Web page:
available here: http://docsouth.unc.edu/fpn/desaussure/desaussure.html
Ulrich Bonnell Phillips, Life and Labor in the Old South
Frank L. Owsley, Plain Folk of the Old South
I think she would really enjoy a few of those.
“Knowing who the author is…..”
ok. how come there always is an underlying something on this blog that I dont get?
You intelligent civil war guys are totally interesting but it is prettty much impossible for someone like me, albeit intelligent and totally interesting myself, to actually participate.
That’s cool. It is the way of this blog…
Is there a good blog / conversation somewhere out there for the novice/intermediate, not-in-The-loop civil war buff? If so, where might I find it?
And… Dr. S., why are there no great video lectures online re Appomattox campaigns (except for one: great talk by Dr. Varon)? Or even stuff about Petersburg? There are tons of talks online about Bull Run.
Millennials, Gen X, and even Baby Boomers such as ME cannot be expected to carry on interest in this historical period if the top guys/good explainers can’t be found.
ThankYouVeryMuch. Quieting down now…
Like you I’m far behind the curve on knowledge of the Civil War compared with the regular posters here, a number of whom are professional historians, and many of whom have studied the subject for decades. For the most part though, I find that if I follow the links (or look up unlinked references — sometimes it requires a trip to the library), I’m able to follow along.
There are a few inside jokes, but they don’t usually involve the civil war, but rather making fun of the misuse of civil war memory by contemporary people with unattractive agendas. If you follow the blog for a couple of months you will get the drift. To get up to speed more quickly, google “the gift that keeps on giving” for this blog, and make note of which person in the cast of repeatedly mentioned characters writes books concerning the contemporary south. Unless your taste for snark is aligned with that of Brooks, you may be sorry that you did …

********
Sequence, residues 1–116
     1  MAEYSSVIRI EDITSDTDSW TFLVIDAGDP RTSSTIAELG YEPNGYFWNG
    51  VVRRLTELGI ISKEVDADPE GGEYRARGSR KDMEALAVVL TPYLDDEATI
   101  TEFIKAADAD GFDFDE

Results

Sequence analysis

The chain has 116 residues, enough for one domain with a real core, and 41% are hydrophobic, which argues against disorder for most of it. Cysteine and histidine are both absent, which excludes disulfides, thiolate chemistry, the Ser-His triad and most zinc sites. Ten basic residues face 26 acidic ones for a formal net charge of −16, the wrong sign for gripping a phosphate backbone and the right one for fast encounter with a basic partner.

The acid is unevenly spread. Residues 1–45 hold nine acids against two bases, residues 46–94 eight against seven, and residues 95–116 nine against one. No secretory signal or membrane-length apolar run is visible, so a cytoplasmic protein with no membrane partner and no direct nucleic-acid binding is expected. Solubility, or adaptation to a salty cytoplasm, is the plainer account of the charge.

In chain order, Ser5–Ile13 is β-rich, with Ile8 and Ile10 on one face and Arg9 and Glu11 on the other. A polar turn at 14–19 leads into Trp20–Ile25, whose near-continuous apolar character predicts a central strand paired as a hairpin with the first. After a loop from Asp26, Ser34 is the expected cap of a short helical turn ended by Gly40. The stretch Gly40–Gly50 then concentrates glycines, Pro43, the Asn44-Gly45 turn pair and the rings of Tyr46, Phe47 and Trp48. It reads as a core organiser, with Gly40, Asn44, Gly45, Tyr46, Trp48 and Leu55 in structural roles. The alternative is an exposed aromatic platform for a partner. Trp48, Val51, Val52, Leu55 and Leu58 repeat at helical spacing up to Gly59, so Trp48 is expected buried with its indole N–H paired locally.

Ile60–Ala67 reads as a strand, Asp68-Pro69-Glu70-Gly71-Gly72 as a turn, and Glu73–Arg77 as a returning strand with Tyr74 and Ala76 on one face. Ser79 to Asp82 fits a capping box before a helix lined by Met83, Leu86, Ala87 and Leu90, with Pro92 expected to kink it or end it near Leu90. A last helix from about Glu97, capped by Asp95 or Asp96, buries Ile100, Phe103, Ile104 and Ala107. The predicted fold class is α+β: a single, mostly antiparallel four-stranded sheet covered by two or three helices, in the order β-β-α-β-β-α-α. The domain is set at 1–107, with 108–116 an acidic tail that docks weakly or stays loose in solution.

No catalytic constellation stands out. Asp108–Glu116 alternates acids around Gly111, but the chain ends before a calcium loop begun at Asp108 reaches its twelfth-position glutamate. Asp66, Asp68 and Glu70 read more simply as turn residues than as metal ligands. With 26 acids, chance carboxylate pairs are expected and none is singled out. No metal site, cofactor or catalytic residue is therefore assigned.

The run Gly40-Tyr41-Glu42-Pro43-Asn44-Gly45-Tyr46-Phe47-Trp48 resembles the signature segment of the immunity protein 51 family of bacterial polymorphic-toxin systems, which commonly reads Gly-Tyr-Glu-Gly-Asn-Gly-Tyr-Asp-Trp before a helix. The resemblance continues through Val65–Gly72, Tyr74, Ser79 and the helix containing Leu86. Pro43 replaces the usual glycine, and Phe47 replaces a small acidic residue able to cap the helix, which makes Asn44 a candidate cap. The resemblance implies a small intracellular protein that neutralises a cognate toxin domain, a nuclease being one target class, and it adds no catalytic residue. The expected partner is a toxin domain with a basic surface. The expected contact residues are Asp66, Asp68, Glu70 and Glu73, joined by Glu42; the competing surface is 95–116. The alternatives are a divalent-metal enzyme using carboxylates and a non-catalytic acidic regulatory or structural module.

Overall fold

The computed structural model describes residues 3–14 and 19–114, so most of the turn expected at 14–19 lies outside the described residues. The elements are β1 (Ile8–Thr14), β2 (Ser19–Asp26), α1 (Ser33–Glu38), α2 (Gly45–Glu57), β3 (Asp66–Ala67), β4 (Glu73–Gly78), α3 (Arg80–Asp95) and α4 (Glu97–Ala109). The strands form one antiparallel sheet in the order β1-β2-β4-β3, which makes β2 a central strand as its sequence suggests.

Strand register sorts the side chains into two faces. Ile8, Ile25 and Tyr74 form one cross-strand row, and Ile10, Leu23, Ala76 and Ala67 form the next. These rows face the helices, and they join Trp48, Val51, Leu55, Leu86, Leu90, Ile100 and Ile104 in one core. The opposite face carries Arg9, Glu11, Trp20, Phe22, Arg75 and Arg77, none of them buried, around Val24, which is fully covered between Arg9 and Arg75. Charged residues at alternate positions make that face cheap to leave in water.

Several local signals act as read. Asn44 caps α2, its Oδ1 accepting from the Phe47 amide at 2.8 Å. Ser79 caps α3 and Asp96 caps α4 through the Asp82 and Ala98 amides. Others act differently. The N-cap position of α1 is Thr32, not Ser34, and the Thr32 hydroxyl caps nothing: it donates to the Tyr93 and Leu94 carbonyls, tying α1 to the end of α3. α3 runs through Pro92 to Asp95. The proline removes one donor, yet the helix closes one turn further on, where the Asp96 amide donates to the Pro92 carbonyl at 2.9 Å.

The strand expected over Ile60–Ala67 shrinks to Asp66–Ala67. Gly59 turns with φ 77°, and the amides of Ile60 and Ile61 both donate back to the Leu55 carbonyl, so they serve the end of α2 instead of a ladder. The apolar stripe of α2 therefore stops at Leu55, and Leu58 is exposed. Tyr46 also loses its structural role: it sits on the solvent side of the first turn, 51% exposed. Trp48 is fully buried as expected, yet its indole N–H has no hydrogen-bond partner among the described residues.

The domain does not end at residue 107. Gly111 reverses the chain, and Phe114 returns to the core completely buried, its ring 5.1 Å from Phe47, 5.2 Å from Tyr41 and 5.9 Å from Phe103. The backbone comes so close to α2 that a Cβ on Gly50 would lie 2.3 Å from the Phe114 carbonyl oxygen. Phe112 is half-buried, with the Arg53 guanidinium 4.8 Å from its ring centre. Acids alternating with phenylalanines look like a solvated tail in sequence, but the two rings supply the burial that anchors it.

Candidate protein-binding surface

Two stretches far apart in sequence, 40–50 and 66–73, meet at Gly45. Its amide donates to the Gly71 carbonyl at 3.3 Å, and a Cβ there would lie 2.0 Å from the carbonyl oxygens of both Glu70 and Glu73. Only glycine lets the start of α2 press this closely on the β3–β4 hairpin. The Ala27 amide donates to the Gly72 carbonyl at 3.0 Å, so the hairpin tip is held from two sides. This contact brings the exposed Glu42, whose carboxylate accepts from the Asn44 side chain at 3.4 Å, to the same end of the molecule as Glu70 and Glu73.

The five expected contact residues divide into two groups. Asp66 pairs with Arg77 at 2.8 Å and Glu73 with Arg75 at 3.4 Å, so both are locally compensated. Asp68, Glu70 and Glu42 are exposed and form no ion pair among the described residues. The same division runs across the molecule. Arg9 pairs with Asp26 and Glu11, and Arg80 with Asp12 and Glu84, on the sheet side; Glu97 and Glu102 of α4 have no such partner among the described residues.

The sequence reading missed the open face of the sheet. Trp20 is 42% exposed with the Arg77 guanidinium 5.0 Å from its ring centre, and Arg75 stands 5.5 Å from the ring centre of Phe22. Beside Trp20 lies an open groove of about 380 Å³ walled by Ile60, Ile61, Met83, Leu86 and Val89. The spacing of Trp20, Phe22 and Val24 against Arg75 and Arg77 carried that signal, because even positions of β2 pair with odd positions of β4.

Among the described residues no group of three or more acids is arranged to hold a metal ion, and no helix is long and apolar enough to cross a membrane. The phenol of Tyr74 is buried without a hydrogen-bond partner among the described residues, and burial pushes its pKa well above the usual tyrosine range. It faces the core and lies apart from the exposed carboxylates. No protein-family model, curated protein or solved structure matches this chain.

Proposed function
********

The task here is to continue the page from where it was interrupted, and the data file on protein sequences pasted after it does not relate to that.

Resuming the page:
As for video lectures about the civil war, you need to go to “Student of the Civil War.” The excellent host, Al Mackey, who also posts here, is indefatigable about tracking down interesting lectures and posting links. A quick search just now turned up at least 3 separate lectures with Appomattox in the title on the first page of results,
I will shamelessly take the opportunity to plug my favorite series of lectures about the civil war, Professor David Blight’s series available free from Open Yale, http://oyc.yale.edu/history/hist-119, as well as on youtube and iTunes. I recommend the syllabus too, although there’s no need to do any reading to enjoy the lectures and profit from them. Note that these lectures are not particularly geared for the “battle buff.”
There will be some video lectures about Appomattox this year, Rosemary.
As to the “inside baseball” feature, it’s something you pick up with time and connecting the dots. Let’s just say our aspiring author is from Pensacola. 🙂
I’d recommend “Tombee: Portrait of a Cotton Planter” by Rosengarten”. Its about South Carolina but its gives a vast amount of detail on the life of 1840-1865 Slave Holder of moderate status.
Sounds to me like the novel would be set in Selma in Dallas County or Camden in Wilcox County. This is what Selma is like in 2015:
Selma 2015: Fifty Years Later, Who Was Really On The Wrong Side Of History?